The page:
A paradigm shift toward less reliance on IRBs for oversight occurred in the late 1990s and early 2000s when it became clear that IRB oversight alone was insufficient to protect human subjects participating in research. Two young volunteers, Jesse Gelsinger and Ellen Roche, who participated in phase one clinical trials out of altruism, died on September 17, 1999, and June 2, 2001, respectively, as a result of egregious noncompliance by the investigators and IRBs.8,9,10 In addition, a number of major academic institutions’ federally funded research programs were temporally suspended due to persistent, serious noncompliance with federal regulations.8,11 Since that time, institutions conducting research involving human subjects have established operational frameworks, referred to as human research protection programs, to ensure that the rights and welfare of research participants are protected and to meet ethical and regulatory requirements that are essential for the protection of human subjects.13,14 In addition to IRBs, investigators, institutions, sponsors of research, research volunteers, and the federal government share responsibilities for protecting human research subjects.12
Under the current system, ultimate responsibility for human subjects protections resides at the highest level of the institution. The institution must assume the leadership role in ensuring the integrity of its human research protection program by providing adequate resources and establishing ethics education programs and a culture of research excellence and transparency as well as by continuous monitoring and quality improvement through program accreditation.12,13 The belief that “there’s no need for university leadership to intervene in how the organization functions with respect to human subjects research governance” held by some members of the university leadership in this case is thus entirely inappropriate.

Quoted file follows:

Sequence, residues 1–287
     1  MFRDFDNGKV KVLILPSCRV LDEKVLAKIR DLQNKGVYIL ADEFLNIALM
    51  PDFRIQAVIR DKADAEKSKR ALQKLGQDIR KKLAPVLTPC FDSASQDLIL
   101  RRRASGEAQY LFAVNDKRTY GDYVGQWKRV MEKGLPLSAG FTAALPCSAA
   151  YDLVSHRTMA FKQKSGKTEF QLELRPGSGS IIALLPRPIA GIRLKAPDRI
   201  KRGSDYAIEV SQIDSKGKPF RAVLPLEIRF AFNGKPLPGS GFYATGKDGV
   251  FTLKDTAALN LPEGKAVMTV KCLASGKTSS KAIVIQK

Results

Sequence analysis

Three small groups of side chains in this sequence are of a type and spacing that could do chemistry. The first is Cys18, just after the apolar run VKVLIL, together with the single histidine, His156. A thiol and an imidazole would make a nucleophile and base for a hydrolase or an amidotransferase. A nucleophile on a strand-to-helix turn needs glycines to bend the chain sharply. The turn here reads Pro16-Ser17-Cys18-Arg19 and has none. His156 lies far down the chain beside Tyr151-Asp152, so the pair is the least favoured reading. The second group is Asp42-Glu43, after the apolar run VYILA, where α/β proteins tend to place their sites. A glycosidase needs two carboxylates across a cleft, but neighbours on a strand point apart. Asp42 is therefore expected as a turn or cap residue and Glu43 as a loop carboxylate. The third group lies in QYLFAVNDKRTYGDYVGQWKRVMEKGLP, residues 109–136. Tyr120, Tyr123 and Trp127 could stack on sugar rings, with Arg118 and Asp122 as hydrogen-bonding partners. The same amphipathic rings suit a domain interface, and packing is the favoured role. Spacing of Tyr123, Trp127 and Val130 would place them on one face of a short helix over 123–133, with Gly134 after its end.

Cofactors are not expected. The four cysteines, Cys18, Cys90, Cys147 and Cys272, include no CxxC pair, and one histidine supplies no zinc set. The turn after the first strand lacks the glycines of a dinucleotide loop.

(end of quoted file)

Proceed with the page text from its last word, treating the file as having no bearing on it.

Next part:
Recommendations for Scope of University Research Oversight Responsibilities
We propose that the following ethical criteria be used to consider the nature and scope of the university’s responsibilities to various stakeholders in this case.
- Protecting the rights and welfare of human research subjects should be the university’s highest priority;
- The university should take the lead role in ensuring the integrity of its human research protection program;
- Serious or continuing noncompliance should not be tolerated regardless of an investigator’s seniority or level of research funding; and
- The university should take a proactive role in addressing issues of noncompliance that are beyond its IRB’s capability to resolve.
In subsequent paragraphs, we will focus our discussion on the third and fourth criteria.